The Flowering Hawthorne
This Hawthorn is a member of the Rosaceae family (Crataegus coccinea -- American species; oxycantha, European)
A band of Native Americans called Ojibwe tribe who spoke Anishinaabemowin (the oldest languages in North America}), called the seeds of this tree Manidoominens. These are the sacred seeds/fruit of the hawthorn tree, is the Anishinaabemowin word that women gave to the little seed beads which are the glory of the beadworker's art.
The Ojibwe word Agobisowin -- "to be sewn on made of fine small things" -- is an old White Earth Anishinaabemowin name for this flower, obviously in reference to its use as a beadwork pattern. It was also used as a toothache remedy. Agogwaadan is a present-day word meaning "to sew something (like beads) onto some material."
My first encounter with the Hawthorne was in my childhood. I didn't notice them in California...as they were buried in hundreds of other pieces of nature, all colorful, and scenes of oceans and Redwoods. Yet the other day I ran across a 30 foot tall Hawthorne only a 1/2 mile from my location in Cheney, WA.
I drove by enough on my electric scooter to alarm the owner who thought I was acting suspiciously. Such is the way post 9/11.....but before she had a chance to call the gendarmes, I informed her I was only admiring the tree which was on her land. And among all of the natural things on her expanse of property, she knew the name of this tree. For she too had been curious at one time, many years ago.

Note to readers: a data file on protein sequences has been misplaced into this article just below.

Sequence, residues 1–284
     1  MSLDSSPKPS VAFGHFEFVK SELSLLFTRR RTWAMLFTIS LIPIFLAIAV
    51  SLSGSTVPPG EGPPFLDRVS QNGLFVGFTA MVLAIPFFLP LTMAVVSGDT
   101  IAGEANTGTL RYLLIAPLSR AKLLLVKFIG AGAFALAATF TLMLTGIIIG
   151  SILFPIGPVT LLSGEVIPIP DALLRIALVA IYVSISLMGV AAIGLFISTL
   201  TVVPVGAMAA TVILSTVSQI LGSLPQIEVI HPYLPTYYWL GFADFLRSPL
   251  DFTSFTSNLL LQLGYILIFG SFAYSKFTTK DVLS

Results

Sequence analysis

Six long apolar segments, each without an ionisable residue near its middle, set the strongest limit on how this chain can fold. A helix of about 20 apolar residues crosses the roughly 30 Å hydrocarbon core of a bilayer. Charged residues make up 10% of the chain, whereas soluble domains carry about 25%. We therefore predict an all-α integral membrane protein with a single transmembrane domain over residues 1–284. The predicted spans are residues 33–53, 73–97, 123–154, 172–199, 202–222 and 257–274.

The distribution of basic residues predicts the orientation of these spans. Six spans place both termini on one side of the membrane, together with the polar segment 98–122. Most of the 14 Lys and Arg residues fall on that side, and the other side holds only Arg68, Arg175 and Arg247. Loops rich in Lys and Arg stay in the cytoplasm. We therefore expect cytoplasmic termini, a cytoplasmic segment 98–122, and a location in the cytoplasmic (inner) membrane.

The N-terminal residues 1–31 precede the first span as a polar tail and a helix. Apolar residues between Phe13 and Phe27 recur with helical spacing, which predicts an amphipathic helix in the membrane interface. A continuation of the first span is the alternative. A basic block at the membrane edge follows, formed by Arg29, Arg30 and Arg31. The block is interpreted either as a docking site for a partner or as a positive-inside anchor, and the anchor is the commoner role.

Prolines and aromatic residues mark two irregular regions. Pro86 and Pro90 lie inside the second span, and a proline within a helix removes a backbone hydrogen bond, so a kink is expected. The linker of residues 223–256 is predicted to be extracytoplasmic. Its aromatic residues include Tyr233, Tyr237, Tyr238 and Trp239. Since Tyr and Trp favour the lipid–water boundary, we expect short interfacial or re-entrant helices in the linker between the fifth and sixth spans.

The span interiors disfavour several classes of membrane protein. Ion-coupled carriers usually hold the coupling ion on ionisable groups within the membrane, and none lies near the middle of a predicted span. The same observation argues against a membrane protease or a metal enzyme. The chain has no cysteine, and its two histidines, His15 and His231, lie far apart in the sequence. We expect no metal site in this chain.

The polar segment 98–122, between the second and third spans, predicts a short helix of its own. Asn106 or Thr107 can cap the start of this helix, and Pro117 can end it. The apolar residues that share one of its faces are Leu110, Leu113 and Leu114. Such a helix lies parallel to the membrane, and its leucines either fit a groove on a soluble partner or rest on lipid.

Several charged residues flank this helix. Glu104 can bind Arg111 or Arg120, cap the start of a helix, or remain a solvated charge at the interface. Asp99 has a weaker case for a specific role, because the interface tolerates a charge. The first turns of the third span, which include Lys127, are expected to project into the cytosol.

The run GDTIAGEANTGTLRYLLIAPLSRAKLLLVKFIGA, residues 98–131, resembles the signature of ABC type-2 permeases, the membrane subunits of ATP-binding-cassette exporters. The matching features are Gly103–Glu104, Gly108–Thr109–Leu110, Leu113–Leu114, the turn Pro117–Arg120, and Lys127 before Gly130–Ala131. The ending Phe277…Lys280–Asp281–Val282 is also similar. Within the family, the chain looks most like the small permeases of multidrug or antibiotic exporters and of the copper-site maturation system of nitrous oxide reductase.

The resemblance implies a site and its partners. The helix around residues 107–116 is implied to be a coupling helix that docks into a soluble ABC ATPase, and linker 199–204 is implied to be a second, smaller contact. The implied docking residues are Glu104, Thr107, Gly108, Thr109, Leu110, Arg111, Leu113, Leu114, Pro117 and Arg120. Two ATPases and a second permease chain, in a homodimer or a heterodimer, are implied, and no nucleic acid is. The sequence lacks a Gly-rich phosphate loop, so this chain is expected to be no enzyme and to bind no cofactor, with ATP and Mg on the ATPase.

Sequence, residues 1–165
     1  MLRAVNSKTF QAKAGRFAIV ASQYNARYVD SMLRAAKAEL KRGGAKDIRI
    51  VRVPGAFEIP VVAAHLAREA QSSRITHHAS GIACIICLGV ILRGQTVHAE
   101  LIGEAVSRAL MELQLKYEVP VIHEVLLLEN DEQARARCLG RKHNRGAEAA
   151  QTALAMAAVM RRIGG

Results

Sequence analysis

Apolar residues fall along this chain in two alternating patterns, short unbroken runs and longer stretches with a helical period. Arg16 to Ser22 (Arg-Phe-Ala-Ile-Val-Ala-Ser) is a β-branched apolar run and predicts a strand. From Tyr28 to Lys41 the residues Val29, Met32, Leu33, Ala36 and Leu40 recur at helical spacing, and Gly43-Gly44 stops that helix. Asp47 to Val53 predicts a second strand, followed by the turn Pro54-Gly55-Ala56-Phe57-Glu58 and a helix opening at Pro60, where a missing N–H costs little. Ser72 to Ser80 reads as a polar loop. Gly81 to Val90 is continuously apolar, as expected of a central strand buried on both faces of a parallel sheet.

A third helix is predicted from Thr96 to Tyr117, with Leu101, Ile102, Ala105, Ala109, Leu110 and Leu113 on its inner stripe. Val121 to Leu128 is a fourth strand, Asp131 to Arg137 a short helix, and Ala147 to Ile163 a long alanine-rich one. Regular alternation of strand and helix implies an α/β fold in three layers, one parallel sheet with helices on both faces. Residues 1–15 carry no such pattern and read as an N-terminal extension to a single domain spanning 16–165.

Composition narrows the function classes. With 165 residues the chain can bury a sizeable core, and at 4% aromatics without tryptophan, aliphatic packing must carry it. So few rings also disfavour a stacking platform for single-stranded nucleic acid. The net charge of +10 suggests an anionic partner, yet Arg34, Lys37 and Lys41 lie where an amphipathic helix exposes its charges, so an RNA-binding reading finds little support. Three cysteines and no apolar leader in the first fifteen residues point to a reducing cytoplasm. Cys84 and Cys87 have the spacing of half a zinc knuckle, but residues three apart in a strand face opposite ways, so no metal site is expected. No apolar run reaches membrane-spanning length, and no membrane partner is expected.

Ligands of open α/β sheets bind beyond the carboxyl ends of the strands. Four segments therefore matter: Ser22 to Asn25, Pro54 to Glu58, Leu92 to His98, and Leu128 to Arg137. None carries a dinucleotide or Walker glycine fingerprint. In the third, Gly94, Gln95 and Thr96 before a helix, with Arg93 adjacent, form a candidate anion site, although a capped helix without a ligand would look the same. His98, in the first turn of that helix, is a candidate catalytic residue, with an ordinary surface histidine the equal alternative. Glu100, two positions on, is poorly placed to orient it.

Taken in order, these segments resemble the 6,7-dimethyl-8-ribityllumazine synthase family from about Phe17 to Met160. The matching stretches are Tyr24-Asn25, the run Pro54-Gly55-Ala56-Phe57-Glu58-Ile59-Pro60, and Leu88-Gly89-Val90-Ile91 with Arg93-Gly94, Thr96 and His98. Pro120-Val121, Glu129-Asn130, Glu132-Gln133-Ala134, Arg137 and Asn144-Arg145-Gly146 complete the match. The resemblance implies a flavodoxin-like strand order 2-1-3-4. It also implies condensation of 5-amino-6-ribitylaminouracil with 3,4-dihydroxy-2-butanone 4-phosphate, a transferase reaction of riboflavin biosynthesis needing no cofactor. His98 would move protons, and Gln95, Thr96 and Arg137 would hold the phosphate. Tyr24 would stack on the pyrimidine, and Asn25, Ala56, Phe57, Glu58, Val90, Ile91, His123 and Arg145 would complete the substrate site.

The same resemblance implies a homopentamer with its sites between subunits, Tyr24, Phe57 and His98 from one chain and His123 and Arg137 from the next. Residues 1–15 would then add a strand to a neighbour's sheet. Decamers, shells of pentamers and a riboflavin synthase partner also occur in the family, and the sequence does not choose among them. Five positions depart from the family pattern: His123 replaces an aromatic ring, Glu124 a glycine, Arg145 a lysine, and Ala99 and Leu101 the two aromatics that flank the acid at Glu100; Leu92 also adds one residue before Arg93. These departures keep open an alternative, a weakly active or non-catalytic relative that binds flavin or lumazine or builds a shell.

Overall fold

I took several pictures of the tree, but thought the one I present today described it best. A full shot of the tree was unremarkable and very close pictures made it appear other than a tree....so I opted for a medium distance to sow off best its colors and leaves.
The connections between myself, and things which have Native American backgrounds are tight. I am sympathetic as well as empathetic. At times these qualities can be a blessing and at times a curse. But this day I felt closer to origins or human on North America. Chief Seattle purportedly said it best......
"Every part of this soil is sacred in the estimation of my people. Every hillside, every valley, every plain and grove, has been hallowed by some sad or happy event in days long vanished. Even the rocks, which seem to be dumb and dead as the swelter in the sun along the silent shore, thrill with memories of stirring events connected with the lives of my people, and the very dust upon which you now stand responds more lovingly to their footsteps than yours, because it is rich with the blood of our ancestors, and our bare feet are conscious of the sympathetic touch."
AUTHENTIC TEXT OF CHIEF SEATTLE'S TREATY ORATION 1854
Very judicious selection of just one bunch of these marvellous Hawthorne flowers to focus on, Bob.
Despite and in addition to that, the entire frame makes a lovely composition that pleases the eye.
Your note once again adds a rich cultural dimension to your picture.